Thursday, 12 November 2009

Why I Fight

I don't have, and for as far back as I can remember have never had, anything approaching a conventional religion. Oh, sure, I was raised Catholic, but even at infants' school I was the kid who annoyed the teachers by asking difficult questions about the rules. One of my earliest memories of theological argument is of me sitting in the tiny class library in my third-form infants' class, showing another student a picture of Jesus being tempted in the wilderness in one of those cool illustrated bibles they do for kids (I maintain that adult bibles would look a lot better with those fantastic, fully-painted kitschy illustrations), pointing at Satan and going 'This is God' and then pointing at Jesus going 'this is the Devil.' I was a Gnostic at the age of nine! Needless to say the kid freaked, went and told the teacher, and I got me a good shouting-at. The point is, I never bought the official line from Christianity, and I still don't.

As I was growing up I became fascinated by alternative religious movements. I flirted with wicca, as most teens do, but it felt...neutered, somehow. Wicca is too nice for me. There's too much sweetness and light in it. Or at least there was in the wicca that was being touted when I was growing up. My feeling is that it may, post-Buffy, have gotten a little darker and made a little more room for the nasty things in life, but, I dunno, whatever. Most wiccans I met never looked, to me, as if they could last half a round in a mage-off with Granny Weatherwax, so I moved on.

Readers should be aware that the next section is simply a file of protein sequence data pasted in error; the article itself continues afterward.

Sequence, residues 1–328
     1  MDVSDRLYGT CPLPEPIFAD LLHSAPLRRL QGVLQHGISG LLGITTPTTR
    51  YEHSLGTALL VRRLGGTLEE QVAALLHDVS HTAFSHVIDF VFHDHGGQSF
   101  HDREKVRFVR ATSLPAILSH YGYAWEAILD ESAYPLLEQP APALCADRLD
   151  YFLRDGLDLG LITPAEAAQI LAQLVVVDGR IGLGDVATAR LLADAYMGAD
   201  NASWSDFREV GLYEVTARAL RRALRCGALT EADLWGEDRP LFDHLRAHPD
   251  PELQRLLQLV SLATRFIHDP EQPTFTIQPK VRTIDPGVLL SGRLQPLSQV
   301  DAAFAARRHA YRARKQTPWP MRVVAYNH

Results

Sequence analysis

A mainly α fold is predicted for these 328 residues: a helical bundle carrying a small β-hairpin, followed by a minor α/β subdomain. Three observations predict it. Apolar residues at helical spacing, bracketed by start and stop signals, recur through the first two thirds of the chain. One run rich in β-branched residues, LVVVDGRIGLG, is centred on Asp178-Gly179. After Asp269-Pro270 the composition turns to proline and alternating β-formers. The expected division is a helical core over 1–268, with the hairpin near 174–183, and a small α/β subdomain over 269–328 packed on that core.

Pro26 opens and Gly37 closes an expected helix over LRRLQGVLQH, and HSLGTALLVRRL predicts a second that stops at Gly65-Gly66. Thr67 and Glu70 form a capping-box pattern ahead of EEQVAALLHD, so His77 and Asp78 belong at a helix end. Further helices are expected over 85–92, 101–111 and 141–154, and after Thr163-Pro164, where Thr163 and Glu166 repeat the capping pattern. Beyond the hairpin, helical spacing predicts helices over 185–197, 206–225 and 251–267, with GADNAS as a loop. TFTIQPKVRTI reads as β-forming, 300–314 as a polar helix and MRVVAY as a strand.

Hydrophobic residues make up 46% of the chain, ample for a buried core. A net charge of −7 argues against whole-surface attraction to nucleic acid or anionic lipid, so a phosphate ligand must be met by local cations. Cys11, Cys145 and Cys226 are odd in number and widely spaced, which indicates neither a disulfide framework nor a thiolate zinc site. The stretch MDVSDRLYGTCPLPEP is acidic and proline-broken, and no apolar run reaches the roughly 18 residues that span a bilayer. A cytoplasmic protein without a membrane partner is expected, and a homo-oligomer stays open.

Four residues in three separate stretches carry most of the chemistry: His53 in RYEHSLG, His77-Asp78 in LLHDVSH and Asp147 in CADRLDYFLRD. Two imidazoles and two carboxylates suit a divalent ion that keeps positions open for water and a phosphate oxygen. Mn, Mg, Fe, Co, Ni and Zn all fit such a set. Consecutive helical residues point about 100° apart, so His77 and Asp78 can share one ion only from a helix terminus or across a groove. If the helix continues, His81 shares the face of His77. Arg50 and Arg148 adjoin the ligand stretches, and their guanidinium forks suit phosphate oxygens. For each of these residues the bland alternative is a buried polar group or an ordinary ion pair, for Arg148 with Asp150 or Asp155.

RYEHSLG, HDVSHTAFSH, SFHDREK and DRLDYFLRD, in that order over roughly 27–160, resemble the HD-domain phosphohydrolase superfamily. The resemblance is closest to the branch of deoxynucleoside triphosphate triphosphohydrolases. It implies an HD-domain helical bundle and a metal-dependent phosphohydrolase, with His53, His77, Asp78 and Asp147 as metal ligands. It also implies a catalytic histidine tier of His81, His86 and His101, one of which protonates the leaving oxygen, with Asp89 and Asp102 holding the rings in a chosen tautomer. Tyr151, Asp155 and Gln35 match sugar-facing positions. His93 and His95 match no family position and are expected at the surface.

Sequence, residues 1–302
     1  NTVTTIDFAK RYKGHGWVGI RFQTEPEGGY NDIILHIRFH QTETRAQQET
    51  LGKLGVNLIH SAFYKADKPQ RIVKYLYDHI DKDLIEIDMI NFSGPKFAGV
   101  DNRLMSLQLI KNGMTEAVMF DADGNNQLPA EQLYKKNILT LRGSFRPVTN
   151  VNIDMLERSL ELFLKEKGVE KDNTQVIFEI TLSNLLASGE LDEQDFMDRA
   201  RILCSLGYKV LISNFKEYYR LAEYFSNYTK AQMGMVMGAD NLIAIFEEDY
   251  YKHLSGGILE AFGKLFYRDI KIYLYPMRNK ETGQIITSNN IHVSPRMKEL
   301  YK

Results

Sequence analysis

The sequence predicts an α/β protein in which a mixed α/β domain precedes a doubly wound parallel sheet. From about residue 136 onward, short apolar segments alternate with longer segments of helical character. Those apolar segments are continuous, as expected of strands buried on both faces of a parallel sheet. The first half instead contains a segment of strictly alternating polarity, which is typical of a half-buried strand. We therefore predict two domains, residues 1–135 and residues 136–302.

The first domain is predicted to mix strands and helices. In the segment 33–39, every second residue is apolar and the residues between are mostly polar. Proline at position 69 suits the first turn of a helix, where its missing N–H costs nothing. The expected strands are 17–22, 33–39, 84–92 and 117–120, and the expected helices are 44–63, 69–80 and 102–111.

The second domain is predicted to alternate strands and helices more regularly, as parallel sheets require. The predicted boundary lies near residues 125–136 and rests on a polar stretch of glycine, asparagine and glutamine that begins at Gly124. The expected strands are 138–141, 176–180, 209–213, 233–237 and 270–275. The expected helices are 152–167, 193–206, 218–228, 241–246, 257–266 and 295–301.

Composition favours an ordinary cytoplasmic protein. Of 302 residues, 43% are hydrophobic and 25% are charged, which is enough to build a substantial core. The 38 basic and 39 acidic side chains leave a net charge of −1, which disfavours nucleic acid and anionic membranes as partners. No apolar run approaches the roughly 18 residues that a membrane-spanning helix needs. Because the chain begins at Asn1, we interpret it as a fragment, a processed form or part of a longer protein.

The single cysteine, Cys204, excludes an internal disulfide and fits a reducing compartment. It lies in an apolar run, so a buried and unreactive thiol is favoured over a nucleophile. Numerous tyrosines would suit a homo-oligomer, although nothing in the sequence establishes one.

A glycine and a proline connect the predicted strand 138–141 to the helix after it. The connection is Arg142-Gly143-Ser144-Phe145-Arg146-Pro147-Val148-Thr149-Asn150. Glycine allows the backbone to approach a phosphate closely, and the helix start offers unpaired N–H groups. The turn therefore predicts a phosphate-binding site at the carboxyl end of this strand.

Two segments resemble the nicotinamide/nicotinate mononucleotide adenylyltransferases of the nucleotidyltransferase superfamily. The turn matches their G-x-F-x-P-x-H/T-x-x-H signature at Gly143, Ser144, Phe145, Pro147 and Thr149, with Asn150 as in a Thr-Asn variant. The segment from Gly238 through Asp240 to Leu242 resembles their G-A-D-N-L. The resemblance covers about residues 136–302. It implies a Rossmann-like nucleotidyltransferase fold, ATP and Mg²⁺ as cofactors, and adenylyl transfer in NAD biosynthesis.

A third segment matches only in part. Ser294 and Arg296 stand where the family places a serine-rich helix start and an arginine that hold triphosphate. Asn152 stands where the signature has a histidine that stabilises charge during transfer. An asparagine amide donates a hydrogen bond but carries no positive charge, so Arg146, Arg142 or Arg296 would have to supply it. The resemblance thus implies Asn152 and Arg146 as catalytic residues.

What I eventually settled on, religion-wise, was my current practice, which is one of devotion to an orisha in the Santeria pantheon called Yemaya. Yemaya's a sea goddess, and I've always had an affinity for the sea. Large bodies of water have always calmed me. Standing by the lake or the sea has the same effect for me as standing in a gothic cathedral, an intense, numinous sense of awe and wonder. But it isn't just that. If it was just a sea-god thing, I could pick any number of deities. No, the reason I like Yemaya, the reason she's the only god-like-entity I could ever truly get behind, is because of a story.

See, Yemaya has a son, Chango, the fire orisha. And Chango is a cocky motherfucker. Swaggers all around the place, cheats on his wives and concubines any chance he gets, takes vengeance on anyone who fucks with him: generally Chango is a big, dick-swingin' playa. Any woman he wants, he gets, and he will break any heart without regret. But Chango's an orphan. He's never known his mother.